If you would like,  start a conversation with other bibliophiles by typing what you are currently reading in the reply box below.  PWR would like to hear from YOU!

YET ANOTHER BOOK ABOUT BOOKS

Although my main emphasis for 2020 is to complete Dollycas’s 2020 Alphabet Soup Challenge, author edition, ALPHABET-SOUP-2020-AUTHOR-EDITION-BE-820to read 20 books in 2020 recommended by fellow bloggers, and to clear my TBR shelves to a manageable number of books (which I have already done), I still continue 2019’s goals of reading more non-fiction as well as Books about Books.

 

The Book I completed tonight is Charles Lovett’s The Bookman’s Tale, which is described by the cover as Novel of Obsession. An old-fashioned romance, book-themed mystery, and dramatic who-done-it, aka Agatha-Christie-style, ending, this novel was a fun read. At a little over 300 pages, it alternated chapters between Peter, the protagonist, as a young man; Peter as a bereaved widow; and bookbinders, booksellers, and book forgers who were contemporaries of Shakespeare. Throw in the protagonist with a new love interest trapped in an underground tunnel (that connects two enemies’ manor houses) and arriving the end to be met with a self-confessed murderer aiming a pistol at them, and the reader is on his way to a bang up ending. (Sorry, I couldn’t restrain myself!)

Lovett wrote this book in 2013, but it appeals to readers of all sexes and all ages who enjoy books, bookstores, booksellers, and revelations from those who are obsessed with the authorship and collecting of books. It is an excellent read.

WHAT MAKES FREQUENT READERS: THE MOST POWERFUL PREDICTORS

Literacy and Me

For kids ages 6-11, frequent readers are more likely than infrequent readers to…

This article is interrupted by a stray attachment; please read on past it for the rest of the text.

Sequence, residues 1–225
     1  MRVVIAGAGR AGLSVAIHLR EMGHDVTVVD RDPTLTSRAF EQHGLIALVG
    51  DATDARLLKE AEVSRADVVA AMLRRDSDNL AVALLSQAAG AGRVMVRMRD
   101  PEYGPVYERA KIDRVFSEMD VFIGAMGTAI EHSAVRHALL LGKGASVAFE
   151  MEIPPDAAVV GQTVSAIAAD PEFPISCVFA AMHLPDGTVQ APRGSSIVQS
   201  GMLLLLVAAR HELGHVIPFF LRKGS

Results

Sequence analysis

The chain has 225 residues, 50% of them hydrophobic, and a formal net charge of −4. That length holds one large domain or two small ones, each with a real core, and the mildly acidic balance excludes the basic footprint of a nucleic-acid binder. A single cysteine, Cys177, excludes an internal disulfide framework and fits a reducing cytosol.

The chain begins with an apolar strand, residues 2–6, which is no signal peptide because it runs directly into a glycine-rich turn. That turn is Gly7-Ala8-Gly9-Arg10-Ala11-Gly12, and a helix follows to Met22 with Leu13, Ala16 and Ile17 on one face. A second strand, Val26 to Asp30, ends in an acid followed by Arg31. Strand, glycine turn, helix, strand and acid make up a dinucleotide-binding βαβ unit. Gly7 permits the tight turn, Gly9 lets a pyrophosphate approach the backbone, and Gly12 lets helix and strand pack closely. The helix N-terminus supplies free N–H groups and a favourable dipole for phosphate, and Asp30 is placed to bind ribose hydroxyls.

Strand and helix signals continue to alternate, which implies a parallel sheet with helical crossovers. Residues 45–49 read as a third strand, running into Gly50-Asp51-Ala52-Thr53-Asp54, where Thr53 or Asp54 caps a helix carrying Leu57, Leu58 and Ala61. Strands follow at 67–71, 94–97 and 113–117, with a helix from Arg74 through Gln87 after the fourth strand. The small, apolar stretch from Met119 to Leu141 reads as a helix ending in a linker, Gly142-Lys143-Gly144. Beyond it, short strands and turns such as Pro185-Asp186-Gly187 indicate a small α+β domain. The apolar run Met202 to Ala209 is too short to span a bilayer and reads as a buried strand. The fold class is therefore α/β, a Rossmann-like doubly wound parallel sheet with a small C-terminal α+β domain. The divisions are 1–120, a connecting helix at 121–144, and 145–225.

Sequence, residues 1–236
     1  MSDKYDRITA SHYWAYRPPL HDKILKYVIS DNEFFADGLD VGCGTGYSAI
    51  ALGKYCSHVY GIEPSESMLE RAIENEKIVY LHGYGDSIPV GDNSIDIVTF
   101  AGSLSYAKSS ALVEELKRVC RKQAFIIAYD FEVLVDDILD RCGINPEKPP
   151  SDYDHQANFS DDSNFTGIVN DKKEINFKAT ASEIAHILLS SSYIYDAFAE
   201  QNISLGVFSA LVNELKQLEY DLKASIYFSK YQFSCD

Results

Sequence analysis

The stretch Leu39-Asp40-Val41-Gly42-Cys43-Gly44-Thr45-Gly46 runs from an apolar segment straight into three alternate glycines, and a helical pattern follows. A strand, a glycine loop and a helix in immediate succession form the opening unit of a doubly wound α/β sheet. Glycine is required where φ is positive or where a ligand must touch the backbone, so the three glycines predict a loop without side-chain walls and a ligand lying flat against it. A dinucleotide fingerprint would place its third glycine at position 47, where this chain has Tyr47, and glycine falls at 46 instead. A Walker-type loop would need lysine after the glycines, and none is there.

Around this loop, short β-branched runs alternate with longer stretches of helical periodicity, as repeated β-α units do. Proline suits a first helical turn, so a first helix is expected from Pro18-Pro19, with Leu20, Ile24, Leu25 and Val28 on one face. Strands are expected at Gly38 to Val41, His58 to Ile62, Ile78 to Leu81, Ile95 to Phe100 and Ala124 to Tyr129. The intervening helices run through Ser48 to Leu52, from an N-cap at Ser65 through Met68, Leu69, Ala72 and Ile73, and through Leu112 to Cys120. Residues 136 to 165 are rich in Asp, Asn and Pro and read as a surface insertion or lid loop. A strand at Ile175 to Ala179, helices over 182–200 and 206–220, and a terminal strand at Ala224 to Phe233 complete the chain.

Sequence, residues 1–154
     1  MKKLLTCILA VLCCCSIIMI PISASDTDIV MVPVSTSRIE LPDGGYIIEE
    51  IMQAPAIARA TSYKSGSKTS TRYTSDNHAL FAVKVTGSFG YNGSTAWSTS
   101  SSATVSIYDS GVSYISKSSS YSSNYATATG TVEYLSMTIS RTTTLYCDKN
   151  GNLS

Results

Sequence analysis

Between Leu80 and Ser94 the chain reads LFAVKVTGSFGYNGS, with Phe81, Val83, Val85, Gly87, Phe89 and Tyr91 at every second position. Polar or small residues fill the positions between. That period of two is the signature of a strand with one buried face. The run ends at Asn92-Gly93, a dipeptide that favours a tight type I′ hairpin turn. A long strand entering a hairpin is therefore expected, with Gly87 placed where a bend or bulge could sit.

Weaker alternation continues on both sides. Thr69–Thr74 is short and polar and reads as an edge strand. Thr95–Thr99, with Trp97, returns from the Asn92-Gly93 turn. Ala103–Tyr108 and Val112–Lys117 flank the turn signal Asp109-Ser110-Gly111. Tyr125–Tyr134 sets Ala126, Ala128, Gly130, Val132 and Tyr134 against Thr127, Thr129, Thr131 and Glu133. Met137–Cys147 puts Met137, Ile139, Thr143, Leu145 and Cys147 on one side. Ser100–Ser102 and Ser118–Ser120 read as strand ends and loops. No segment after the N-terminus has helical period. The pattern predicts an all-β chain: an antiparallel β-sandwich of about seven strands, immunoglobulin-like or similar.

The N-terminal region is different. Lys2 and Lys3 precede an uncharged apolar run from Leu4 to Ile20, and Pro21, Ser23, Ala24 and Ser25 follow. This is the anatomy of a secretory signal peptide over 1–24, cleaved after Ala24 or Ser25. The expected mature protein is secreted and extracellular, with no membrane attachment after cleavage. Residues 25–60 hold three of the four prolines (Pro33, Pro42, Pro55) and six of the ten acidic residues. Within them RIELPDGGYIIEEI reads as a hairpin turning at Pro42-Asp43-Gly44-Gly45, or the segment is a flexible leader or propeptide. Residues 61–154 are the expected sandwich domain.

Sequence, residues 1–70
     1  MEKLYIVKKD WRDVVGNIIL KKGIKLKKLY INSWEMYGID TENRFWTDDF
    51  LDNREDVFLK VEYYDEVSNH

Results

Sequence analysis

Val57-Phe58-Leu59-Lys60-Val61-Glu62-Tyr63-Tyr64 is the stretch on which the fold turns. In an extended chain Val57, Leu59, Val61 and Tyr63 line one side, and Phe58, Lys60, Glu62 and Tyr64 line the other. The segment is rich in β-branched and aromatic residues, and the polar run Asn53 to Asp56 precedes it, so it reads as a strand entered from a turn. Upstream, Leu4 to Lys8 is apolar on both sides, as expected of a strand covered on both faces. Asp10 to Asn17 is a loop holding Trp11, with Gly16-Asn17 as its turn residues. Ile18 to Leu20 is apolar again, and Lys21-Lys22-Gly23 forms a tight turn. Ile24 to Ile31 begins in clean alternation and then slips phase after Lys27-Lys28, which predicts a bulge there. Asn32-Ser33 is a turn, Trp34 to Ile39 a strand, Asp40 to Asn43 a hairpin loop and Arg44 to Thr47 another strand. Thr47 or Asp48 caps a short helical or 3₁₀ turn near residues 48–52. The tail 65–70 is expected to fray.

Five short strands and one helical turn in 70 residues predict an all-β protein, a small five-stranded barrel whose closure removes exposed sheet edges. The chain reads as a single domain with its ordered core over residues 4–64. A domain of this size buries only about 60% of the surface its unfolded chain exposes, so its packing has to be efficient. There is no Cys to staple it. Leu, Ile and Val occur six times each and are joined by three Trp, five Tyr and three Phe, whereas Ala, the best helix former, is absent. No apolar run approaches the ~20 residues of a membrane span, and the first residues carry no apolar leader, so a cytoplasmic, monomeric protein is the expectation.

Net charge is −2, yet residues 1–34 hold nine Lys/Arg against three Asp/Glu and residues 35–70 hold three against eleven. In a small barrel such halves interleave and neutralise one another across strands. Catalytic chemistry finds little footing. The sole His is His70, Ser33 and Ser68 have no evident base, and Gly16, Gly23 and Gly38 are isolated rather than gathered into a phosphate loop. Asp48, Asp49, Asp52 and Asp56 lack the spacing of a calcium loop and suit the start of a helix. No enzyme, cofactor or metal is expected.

…have been read aloud to 5-7 days a week before entering kindergarten.

…currently have been read aloud to at home.

…ask for books that “have characters that look like me” and “let me use my imagination.”

… are not allowed to go on line using a computer for fun as often as infrequent readers are.

THESE FREQUENT READERS READ AN AVERAGE OF 43.4 BOOKS PER YEAR VS. 21.1 BOOKS BY INFREQUENT READERS.

For kids ages 12-17, frequent readers are more likely than infrequent readers to…

…read independently during the school day.

…read more books after being introduced to ebooks.

…know their reading level.

…have parents who help them find books and encourage reading for fun.

THESE KIDS READ AN AVERAGE OF 39.6 BOOKS PER YEAR VS. 4.7 BY INFREQUENT READERS.

Frequent readers are readers who say they…

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THREE MORE BOOKS FOR A SATURDAY MORNING

These books were also Cybils finalists I read in 2019

shopping.jpeg First in a swashbuckling series, Britfield and the Lost Crown by C.R. Stewart, could be the next Harry Potter series for the fifth grade to eighth set. It is fast-paced and crammed with adventure and action. And, like Harry Potter, it is filled with respectable values and life lessons. Thanks to the publishers who sent me a copy when my local libraries did not have it yet. This series has real potential.

The Mighty Heart of Sunny St. James will appeal to readers of both sexes and to upper elementary as well as middle school students. Ashley Herring Blake captures the emotions and fears of a girl who faces a heart transplant in the middle of her search for her sexual identity.Unknown.jpeg Characterizations like Sunny’s mother, a secondary character, but a very important one, flesh out this touching novel and the relationship of mother and daughter would make this an ideal mother-daughter read-together.

 

Shark research is something I knew NOTHING about before reading The Line Tender51Gj7IYIRHL._SY346_.jpg, but what I learned about oceanography and marine life made this a fascinating read. Carrying on her deceased mother’s lifetime work, the main character comes to grips with her mother’s horrendous death (The accident also killed the daughter’s best friend/potential boyfriend, Fred.) and her own destiny. It is action-packed and exciting as well as a tender look at dealing with grief and fear. It is, perhaps, for junior high readers and above because of its emotional theme and realistic tone.

Any of these three would make a page-turning read for your middle schooler.